In the centuries before 1800, among the well-born and well-educated, one formula for closing letters was not the now archaic “Sincerely Yours,” but the even more archaic, “In Love and Duty.” What wonderful concepts: love, duty. Moderns still talk about love, which seems to mean a student’s crush, a young adult’s romantic infatuation, or a thrill between the legs. They never talk about duty, except in a military context.
As the divorce rate suggests, liberated moderns do not regard perseverance in marriage despite hardships a virtue. They regard it as an investment, and cut and run as the losses mount. So neither they nor commentators noticed what was missing, implied, not stated, in Abedin's statement about loving her husband and deciding that her marriage to him was best for her—note: for her, and mentioned first—, their child, all three of them. What Abedin did not say, but what she so viscerally understood that she did not think to say it, was the importance of her integrity in living in fulfillment of her wedding vows in marrying her husband. The very possibility of personal integrity—that one’s word is one’s bond—is so culturally and morally alien to the sensibility of liberated moderns and commentators who so well embody and elaborate it that they do not see it.
I am too old to omit that possibility. Given the difference in backgrounds between these two intelligent people, a Muslim Midwesterner and a Jewish New Yorker, I have to think that they gave a great deal of thought, both individually and collectively (parents included or intervening, I would imagine), to their relationship, the management of their lives together, and, let us not forget, their mutual interest in politics. What, if anything, Weiner knew then about his proclivity we do not know; and, if he knew anything, what he told Abedin beforehand we also do not know. It is for them to know or discover and to address. But, undoubtedly, the media, to feed our voyeurism, will try to find out.
I would not expect a Muslim woman and a Jewish man to recite the marriage vows in The Book of Common Prayer, but I would expect them to tacitly accept what those vows articulate because they assert what is assumed in the marriage vows or rituals of their respective faiths. They “promise to love [the other], comfort [the other], honor and keep [the other], in sickness and in health; and forsaking all others, to be faithful to [the other] as long as you both shall live.” The alternative is the promise “to have and to hold from this day forward, for better or worse, for richer for poorer, in sickness and in health, to love and to cherish, till death us do part….”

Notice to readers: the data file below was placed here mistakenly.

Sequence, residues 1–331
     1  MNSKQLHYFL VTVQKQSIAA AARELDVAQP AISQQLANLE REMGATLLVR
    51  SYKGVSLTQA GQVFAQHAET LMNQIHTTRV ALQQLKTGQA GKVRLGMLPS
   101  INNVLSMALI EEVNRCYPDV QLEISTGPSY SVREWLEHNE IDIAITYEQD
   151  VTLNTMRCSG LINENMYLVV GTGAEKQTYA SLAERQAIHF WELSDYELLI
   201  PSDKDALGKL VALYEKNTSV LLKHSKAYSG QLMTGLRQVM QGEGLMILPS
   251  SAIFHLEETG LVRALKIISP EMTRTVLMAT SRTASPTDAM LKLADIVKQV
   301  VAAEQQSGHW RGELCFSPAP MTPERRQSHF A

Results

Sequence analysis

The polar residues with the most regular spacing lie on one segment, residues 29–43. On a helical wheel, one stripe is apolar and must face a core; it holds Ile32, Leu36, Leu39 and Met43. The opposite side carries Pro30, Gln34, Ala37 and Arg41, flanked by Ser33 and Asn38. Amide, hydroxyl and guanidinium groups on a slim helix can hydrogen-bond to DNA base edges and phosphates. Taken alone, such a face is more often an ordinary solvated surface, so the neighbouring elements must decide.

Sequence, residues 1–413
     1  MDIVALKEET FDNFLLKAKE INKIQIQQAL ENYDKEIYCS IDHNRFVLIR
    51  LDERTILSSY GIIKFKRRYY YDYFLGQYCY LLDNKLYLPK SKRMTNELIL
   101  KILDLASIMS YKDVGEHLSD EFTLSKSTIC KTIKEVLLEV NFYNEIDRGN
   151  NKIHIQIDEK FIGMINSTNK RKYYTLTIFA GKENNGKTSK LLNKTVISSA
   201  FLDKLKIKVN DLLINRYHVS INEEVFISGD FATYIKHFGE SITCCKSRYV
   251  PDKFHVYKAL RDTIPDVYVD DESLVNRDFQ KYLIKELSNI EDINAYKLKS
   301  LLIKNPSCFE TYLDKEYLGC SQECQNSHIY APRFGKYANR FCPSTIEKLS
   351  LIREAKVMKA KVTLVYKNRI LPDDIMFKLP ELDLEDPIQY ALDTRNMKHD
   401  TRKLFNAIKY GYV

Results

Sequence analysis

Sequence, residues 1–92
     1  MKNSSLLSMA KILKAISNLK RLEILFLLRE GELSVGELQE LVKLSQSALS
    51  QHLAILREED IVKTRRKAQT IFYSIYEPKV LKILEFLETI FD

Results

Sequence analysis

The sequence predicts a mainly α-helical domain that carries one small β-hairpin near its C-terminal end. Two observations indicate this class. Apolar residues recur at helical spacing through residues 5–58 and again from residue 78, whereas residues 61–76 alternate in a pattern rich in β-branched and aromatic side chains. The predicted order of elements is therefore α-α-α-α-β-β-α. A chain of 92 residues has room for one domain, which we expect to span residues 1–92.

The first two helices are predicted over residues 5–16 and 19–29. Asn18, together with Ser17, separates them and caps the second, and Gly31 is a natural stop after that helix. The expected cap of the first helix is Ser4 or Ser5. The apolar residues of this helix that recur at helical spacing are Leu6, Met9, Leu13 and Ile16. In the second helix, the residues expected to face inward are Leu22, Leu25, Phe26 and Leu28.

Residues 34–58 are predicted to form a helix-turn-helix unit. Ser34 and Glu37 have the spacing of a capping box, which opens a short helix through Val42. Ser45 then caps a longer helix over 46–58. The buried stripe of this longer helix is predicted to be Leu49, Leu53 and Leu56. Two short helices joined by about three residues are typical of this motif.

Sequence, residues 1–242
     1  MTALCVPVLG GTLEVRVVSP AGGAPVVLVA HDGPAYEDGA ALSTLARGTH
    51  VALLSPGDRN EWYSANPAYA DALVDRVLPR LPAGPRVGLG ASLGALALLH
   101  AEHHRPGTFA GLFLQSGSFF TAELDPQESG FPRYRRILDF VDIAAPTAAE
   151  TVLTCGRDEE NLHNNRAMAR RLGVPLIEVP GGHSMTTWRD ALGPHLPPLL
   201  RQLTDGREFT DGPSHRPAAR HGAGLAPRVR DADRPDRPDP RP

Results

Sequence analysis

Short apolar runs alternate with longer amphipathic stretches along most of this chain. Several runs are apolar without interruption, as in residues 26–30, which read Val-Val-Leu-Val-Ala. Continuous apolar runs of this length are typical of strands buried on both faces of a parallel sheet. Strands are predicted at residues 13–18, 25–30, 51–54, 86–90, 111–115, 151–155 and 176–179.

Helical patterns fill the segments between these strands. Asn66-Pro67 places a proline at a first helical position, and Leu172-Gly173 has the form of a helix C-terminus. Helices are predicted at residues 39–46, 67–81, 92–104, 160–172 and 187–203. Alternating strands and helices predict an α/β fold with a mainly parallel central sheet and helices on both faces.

I credit Abedin with the moral sense to honor, and the great strength to keep, her promise. She is, as Proverb 31 puts it, “a woman of valor.” She recognizes and accepts—difficult as it has been, as she has acknowledged it has been difficult, to accept—an obligation to work to preserve her marriage and thereby fulfill her avowed commitment of love and duty to Weiner in his sickness. It is their marriage. What matters is not what we think of him or even what she thinks of him, but what she thinks of herself and what she thinks is best for her in her relationship with him.
Modern commentators never considered this possibility. Their oversight, in its silence, speaks volumes. They imply that sicknesses which are private, like cancer, genital herpes, or Alzheimer’s disease, or even alcoholism, women should accept, but those which are or become public, like infidelity or sexting, women should not accept. They imply that who one’s spouse is as a person matters less than how one’s spouse appears as a partner. The discomfort of embarrassment counts for everything. If so, the facts of divorce imply that many care less about their spouse than about themselves and the fun, while it lasts. So they think: I know that I promised forever, but life is short; or, I do not need the hassle; or, so I lied, sue me. Such thinking is, apparently, liberated or, at least, facilely liberating.
The question is not, as liberated moderns cannot even conceive it, does Abedin trap herself by making her word her bond. The question is what does she gain by making her word her bond. The answer is self-respect. I am no absolutist; as I said above, I accept that a spouse can have a cause of sufficient magnitude for divorce because continuing the marriage would destroy self-respect. Weiner’s behavior is obviously hurtful and embarrassing, but it does not appear aimed at Abedin, whom I have no doubt that he loves. She knows as much and, to her credit, honors her word as her bond to help the man whom she loves and to whom she knows that she has the duty of love. Mature people understand and accept their commitments. I do not think of her as trapped, but as freed by her integrity from the slavery of always putting herself first. Enough of that, already.